With Joseph Tsai buying the Brooklyn Nets from Mikhail Prokhorov, the team appears to be locked in with a passionate and component owner for years to come. However, whether or not the differences between Prokhorov and Tsai will effect the team on any level remains undetermined.
Nine years after eccentric Russian billionaire Mikhail Prokhorov acquired enough shares to officially join the Brooklyn Nets as a partial owner, a recently inked $2.35 billion–dollar deal now transfers Prokhorov’s shares, and consequently his title as owner over to Joseph Tsai.
As a key component factoring into why the Nets now call the luxurious Barclays Center their home rather than their prior, unimpressive, Newark–based arena, Prokhorov acclaimed his tenure as successful one while offering a “farewell” press release earlier this week.
Although Brooklyn posted a lackluster 286–434 while Prokhorov owned the team, he exits Brooklyn leaving the team with the riches of Kevin Durant and Kyrie Irving after agreeing on hefty contracts with both during this summer’s free agent frenzy.
Now standing atop Brooklyn’s totem pole ahead other actual figures charged with working the team’s gears such as general manager Sean Marks and head coach Kenny Atkinson, Tsai enters a situation somewhat burdening him with championship expectations newly warranted by the team’s upgraded roster this summer.
Although as just an owner Tsai indeed lacks responsibilities pertaining immediately to the team’s on-court success, his place above those that do nevertheless positions him as an instrumental, new piece within the Brooklyn system.
While the e-commerce titan spends a great deal of time between China and California aside from New York City, look for Tsai to involve himself to an extent which Prokhorov never reached next year. As a former New Jersey resident, Tsai even allegedly attended more games last year than his predecessor despite his other interests certainly acquiring his attention.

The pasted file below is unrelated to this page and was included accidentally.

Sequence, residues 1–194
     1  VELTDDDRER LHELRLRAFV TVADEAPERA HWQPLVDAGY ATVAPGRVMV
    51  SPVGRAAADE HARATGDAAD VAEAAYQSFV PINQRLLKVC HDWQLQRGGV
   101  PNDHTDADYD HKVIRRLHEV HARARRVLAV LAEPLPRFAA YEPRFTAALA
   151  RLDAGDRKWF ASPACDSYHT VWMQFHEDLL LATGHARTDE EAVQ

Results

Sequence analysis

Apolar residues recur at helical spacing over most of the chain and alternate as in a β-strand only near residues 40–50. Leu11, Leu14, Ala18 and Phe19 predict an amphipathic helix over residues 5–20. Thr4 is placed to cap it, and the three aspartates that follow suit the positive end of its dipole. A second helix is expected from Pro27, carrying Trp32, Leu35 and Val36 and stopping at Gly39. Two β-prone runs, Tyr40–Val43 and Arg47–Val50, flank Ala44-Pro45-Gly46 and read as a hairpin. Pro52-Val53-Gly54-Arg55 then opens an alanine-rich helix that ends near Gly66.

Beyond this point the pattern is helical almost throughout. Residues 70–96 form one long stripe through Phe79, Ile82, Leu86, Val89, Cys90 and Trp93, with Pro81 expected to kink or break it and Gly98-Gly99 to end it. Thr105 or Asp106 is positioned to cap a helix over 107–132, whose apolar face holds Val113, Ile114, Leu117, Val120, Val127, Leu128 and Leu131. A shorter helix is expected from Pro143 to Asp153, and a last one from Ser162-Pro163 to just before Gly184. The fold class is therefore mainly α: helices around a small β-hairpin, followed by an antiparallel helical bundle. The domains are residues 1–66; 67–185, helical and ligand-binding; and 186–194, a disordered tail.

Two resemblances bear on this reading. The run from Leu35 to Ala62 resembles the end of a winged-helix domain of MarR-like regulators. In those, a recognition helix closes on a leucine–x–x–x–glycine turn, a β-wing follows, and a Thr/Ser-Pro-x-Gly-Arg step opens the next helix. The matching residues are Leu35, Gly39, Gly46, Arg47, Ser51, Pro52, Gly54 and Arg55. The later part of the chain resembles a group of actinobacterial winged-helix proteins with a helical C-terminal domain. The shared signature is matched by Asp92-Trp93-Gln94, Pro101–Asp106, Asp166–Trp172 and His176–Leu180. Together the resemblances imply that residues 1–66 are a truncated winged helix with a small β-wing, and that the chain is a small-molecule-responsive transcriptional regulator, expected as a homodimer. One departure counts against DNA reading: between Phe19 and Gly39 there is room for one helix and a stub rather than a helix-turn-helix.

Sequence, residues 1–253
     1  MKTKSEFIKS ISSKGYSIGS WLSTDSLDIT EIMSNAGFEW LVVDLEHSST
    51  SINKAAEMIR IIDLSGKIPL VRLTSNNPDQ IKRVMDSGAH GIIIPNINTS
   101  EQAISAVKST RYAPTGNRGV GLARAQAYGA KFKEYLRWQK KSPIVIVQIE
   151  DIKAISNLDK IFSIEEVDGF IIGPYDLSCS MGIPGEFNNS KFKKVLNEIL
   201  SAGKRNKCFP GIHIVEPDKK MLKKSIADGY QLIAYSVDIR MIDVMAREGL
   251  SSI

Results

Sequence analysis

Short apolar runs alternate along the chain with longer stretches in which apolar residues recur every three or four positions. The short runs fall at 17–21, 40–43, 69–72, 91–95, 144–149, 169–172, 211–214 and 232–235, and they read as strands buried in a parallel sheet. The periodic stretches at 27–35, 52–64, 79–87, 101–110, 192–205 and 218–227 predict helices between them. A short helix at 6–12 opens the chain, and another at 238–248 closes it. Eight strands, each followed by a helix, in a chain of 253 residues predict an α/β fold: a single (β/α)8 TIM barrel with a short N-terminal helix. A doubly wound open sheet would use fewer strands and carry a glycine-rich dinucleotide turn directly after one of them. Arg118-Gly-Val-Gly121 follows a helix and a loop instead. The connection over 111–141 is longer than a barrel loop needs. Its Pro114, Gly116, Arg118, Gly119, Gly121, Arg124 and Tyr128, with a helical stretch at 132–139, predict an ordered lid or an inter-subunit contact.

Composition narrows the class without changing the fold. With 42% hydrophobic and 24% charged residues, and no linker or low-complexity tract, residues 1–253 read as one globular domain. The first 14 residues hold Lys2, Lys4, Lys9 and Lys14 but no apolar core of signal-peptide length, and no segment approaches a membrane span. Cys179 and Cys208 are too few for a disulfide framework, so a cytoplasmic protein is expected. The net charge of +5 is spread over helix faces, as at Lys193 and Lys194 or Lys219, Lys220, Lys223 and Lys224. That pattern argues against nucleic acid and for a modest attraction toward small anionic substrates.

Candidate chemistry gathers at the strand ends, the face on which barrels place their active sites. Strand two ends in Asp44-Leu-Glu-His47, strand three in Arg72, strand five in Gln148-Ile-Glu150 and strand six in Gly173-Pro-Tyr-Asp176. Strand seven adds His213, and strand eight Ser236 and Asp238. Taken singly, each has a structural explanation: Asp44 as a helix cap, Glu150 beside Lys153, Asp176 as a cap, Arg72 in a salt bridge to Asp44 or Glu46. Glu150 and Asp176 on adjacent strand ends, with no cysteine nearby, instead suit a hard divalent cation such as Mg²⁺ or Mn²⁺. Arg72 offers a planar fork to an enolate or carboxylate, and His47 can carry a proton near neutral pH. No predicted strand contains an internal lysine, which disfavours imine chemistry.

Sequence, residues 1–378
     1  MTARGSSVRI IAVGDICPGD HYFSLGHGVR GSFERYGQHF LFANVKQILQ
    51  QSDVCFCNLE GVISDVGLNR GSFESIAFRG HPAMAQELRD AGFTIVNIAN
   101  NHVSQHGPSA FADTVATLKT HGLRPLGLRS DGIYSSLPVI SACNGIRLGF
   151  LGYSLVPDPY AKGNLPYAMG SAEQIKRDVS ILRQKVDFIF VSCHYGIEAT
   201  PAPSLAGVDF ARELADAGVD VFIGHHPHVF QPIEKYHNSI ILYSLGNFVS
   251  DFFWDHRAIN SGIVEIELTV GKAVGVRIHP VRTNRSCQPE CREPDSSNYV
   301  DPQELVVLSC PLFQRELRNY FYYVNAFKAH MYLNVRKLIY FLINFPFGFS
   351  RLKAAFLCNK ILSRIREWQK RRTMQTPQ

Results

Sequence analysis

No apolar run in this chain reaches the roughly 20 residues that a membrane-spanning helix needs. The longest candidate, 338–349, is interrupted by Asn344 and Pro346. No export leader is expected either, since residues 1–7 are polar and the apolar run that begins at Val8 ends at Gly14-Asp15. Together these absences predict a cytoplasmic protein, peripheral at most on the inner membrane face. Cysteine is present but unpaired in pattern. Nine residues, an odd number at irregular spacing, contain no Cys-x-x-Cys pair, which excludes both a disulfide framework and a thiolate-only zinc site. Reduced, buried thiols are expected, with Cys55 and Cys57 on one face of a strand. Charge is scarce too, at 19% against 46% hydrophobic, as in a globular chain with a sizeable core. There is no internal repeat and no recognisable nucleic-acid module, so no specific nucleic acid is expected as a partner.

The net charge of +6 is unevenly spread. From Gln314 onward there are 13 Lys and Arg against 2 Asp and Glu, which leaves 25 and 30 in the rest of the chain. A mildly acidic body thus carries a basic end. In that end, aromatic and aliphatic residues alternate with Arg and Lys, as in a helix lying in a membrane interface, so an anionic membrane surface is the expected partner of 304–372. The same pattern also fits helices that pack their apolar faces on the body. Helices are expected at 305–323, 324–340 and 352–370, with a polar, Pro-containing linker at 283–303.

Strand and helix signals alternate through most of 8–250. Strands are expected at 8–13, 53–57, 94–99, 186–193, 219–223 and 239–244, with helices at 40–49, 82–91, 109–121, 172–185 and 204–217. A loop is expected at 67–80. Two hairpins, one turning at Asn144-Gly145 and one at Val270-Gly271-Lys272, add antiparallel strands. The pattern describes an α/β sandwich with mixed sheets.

Tsai also met his wife in the Big Apple and already maintains positive relations with NBA commissioner Adam Silver as an active NBA–China board member. When taking into account these personal and professional factors, they certainly give reason to expect notable enthusiasm and attentiveness towards the team from Tsai’s end.
Already owning the WNBA’s New York Liberty, Tsai now stands as perhaps the man behind New York basketball across all its platforms. As a complimentary purchase, Tsai also bought the Barclays Center this summer, which at the same time continues to prompt many within the New York media to expect a potential move to Brooklyn for the Liberty in the not too distant future.
Aside from the apparent differences between Prokhorov and Tsai in regards to his potential involvement going forward with his new purchase, he appears similar to Prokhorov from an economic standpoint.
With both Prokhorov and Tsai beginning to scratch their ways toward the $10 billion dollar net–worth mark, expect Tsai to carry over Prokhorov’s “spend-happy” mentality into his own regime, as Tsai’s fiscal prosperity will surely allow him to pay off any luxury taxes for the Nets while also granting Marks with enough funds to serve as general managers effectively.
Although a decently sized assembly of fans certainly enjoyed Prokhorov’s time as the team’s owner, as he seemingly always offered something to entertain fans with, such as the misplacement of his $50 million dollar yacht or promise to win a title within the next 5 years or else he’ll “get married as a punishment,” Tsai checks all the boxes as a worthy successor who’s likely to keep the Nets trending positively.